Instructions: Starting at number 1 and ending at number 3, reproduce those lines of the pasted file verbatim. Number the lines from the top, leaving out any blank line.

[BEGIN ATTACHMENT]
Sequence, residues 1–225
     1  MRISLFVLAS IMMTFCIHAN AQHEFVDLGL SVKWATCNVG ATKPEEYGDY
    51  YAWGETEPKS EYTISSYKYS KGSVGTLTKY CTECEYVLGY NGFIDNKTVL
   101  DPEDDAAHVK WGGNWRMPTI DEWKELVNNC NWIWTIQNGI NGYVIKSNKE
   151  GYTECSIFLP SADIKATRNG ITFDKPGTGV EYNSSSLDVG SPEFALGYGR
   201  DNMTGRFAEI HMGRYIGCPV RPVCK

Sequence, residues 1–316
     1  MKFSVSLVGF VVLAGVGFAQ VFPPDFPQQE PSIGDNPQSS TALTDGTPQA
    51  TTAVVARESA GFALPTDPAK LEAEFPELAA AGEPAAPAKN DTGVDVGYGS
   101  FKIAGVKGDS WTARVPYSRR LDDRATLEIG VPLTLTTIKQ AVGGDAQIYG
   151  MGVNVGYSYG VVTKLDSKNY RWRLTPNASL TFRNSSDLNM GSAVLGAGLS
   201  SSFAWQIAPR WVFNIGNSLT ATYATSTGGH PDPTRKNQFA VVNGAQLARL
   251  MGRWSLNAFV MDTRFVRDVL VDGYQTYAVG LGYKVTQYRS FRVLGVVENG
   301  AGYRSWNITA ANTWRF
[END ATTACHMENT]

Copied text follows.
Sequence, residues 1–225
     1  MRISLFVLAS IMMTFCIHAN AQHEFVDLGL SVKWATCNVG ATKPEEYGDY
    51  YAWGETEPKS EYTISSYKYS KGSVGTLTKY CTECEYVLGY NGFIDNKTVL